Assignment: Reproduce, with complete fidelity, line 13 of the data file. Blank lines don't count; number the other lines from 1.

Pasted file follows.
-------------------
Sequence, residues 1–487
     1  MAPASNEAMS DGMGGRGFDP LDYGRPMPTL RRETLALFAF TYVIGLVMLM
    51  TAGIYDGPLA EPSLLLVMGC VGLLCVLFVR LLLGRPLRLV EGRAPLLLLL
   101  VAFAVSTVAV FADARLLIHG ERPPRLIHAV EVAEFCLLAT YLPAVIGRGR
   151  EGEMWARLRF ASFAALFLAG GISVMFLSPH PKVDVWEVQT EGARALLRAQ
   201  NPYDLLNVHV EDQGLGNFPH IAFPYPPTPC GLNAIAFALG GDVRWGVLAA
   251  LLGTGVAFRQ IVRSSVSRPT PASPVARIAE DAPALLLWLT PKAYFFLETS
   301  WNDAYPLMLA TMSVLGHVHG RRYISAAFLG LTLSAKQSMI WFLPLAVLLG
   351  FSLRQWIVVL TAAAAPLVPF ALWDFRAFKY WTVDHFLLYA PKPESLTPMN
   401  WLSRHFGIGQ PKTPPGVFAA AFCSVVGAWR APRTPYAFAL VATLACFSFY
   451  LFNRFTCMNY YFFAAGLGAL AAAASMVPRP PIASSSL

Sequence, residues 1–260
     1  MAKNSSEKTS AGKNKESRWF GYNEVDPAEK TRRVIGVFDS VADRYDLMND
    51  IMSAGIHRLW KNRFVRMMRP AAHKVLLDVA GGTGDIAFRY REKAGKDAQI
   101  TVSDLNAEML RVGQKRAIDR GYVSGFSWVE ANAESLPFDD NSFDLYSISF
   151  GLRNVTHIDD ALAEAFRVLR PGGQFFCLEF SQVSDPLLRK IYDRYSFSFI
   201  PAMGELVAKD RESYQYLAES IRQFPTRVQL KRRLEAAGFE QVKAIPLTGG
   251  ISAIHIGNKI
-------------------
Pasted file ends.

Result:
     1  MAKNSSEKTS AGKNKESRWF GYNEVDPAEK TRRVIGVFDS VADRYDLMND